Federal bank regulators warned 11 big banks Tuesday that their plans for avoiding a financial panic are insufficient.
The Federal Reserve and Federal Deposit Insurance Corporation announced that the banks' so-called "living wills" — plans specifying in advance how they would go through a bankruptcy process without hurting the broader financial system — "are not credible."
The regulators ordered all 11 banks identified by regulators as too big to fail without destabilizing the financial system to revamp their plans "to facilitate their orderly resolution in bankruptcy," FDIC chairman Martin Gruenberg said in a statement.
The living wills were a major provision of the 2010 Dodd-Frank financial reform law, intended to prevent another situation like the 2008 failure of the investment bank Lehman Brothers, which threatened to bring down Wall Street as the banks' creditors panicked.
Banks began submitting annual versions of living wills to the Fed in 2012, but Tuesday was the first time regulators have said whether the plans were believable.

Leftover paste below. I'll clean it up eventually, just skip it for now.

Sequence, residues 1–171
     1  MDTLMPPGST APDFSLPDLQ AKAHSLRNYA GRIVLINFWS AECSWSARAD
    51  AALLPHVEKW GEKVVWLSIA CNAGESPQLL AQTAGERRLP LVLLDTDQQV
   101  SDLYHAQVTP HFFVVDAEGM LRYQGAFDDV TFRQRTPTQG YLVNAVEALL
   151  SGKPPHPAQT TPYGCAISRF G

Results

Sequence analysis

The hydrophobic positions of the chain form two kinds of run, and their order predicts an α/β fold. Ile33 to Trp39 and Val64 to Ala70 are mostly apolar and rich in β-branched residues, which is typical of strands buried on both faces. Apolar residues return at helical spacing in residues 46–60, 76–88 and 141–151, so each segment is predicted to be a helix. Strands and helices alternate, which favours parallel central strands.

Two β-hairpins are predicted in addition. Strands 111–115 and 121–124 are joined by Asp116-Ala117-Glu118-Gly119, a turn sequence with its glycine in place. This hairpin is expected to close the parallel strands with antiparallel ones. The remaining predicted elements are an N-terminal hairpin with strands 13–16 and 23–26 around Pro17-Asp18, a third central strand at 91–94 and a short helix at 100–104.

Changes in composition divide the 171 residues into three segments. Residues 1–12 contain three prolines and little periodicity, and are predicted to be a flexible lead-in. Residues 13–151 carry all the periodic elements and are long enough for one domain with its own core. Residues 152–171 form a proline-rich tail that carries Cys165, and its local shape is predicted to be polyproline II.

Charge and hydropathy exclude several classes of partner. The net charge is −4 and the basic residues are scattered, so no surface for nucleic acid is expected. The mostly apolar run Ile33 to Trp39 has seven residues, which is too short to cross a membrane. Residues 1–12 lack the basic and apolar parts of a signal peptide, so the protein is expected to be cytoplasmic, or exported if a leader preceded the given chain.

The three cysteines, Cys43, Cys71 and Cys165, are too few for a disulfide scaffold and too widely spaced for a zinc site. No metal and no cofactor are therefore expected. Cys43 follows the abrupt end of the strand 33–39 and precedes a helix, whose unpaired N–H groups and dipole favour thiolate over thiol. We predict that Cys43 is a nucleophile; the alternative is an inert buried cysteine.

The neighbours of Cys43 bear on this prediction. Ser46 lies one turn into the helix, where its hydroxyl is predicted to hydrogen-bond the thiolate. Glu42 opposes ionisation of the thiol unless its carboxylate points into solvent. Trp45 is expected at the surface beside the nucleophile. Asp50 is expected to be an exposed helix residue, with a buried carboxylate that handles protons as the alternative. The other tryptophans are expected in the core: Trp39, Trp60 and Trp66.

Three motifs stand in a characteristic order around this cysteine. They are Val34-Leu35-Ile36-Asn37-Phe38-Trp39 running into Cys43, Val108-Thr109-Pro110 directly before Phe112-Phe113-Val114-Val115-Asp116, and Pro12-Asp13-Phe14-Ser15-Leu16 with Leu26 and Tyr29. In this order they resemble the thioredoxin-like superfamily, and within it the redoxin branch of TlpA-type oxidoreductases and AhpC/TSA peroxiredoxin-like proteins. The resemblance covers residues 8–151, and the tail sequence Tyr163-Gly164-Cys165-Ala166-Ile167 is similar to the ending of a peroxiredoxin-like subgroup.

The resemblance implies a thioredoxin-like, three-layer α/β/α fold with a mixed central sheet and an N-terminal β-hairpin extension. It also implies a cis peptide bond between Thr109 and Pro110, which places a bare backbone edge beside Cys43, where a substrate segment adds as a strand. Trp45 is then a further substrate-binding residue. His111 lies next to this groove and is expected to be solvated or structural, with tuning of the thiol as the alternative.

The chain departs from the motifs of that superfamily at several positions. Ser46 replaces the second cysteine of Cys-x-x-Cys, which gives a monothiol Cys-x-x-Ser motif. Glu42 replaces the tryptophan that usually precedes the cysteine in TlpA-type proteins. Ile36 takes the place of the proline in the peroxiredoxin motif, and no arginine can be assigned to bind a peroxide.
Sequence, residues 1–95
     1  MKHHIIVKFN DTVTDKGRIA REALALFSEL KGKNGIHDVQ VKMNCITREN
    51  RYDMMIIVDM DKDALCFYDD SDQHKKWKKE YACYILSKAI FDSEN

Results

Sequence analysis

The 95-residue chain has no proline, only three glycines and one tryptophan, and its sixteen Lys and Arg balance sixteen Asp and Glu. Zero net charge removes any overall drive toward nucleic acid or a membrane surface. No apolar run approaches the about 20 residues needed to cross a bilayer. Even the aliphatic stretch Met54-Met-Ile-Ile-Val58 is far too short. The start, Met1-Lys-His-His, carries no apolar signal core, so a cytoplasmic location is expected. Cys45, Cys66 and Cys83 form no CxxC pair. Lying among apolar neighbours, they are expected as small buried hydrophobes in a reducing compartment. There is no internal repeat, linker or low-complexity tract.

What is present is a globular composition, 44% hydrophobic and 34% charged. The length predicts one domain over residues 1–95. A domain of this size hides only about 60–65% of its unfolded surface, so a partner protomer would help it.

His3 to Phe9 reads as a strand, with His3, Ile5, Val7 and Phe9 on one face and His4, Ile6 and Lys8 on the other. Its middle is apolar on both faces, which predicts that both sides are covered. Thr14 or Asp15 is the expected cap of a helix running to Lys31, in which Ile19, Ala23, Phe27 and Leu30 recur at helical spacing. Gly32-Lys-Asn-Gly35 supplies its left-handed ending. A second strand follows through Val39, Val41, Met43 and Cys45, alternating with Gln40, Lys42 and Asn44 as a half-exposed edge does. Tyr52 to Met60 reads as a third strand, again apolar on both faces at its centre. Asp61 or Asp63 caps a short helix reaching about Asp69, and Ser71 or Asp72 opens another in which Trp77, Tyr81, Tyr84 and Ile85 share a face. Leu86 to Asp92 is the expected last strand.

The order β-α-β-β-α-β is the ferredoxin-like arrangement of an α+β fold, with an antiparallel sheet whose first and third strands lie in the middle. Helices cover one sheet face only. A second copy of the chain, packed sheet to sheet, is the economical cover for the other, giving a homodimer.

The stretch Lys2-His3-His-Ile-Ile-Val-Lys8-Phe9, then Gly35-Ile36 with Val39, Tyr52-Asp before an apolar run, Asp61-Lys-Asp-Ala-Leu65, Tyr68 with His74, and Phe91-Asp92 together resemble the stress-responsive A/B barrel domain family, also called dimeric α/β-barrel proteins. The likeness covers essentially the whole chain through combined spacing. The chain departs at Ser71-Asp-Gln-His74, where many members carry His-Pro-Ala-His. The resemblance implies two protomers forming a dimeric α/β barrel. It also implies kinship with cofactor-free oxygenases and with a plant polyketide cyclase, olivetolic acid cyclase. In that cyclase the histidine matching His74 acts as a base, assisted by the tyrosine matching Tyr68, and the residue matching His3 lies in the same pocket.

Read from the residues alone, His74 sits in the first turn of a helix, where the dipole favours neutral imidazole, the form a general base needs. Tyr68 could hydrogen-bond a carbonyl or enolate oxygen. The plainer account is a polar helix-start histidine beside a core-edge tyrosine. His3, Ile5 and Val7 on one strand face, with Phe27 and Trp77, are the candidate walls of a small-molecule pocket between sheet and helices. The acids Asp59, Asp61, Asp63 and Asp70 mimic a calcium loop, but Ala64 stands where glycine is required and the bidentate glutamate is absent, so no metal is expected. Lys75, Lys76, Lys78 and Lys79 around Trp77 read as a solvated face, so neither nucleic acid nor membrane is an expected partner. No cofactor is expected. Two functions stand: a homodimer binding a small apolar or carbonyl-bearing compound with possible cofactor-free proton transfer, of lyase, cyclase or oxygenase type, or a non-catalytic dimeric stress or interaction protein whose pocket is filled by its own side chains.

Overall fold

The question of whether big banks had adequately planned out bankruptcy was raised by Sen. Elizabeth Warren, D-Mass., in a congressional hearing featuring Fed chairwoman Janet Yellen in mid-July. Then, Yellen dodged the question of whether the Fed viewed the banks' plans as credible. Warren urged her to make a determination and to use the tools available to the Fed to tighten regulations on banks if their plans for an orderly failure were not believable.
On Tuesday, the Fed and FDIC said that while the banks' plans had different problems, in general they were too unrealistic and didn't involve taking the steps that would be necessary to facilitate a bankruptcy during a crisis.
The regulators demanded that banks take "immediate action to improve their resolvability" and that the next iteration of living wills submitted by the banks, due July 1, 2015, address the problems identified by regulators and demonstrate that the banks are adopting a less complex legal structure.
The Fed and FDIC, however, stopped short of using their authority under Dodd-Frank to raise capital standards for a bank, or even take steps to break it up, in the meantime.
The 11 banks receiving notice that their plans are inadequate are Bank of America, Bank of New York Mellon, Barclays, Citigroup, Credit Suisse, Deutsche Bank, Goldman Sachs, JPMorgan Chase, Morgan Stanley, State Street Corp. and UBS.
Tuesday's announcement represents a tacit admission by regulators that a key provision of the Dodd-Frank law intended to prevent future bailouts is not working, at least not yet. It comes just a week after a highly-anticipated Government Accountability Office report on the status of too-big-to-fail banks reached mixed conclusions about whether markets perceive that the government would again bail out banks.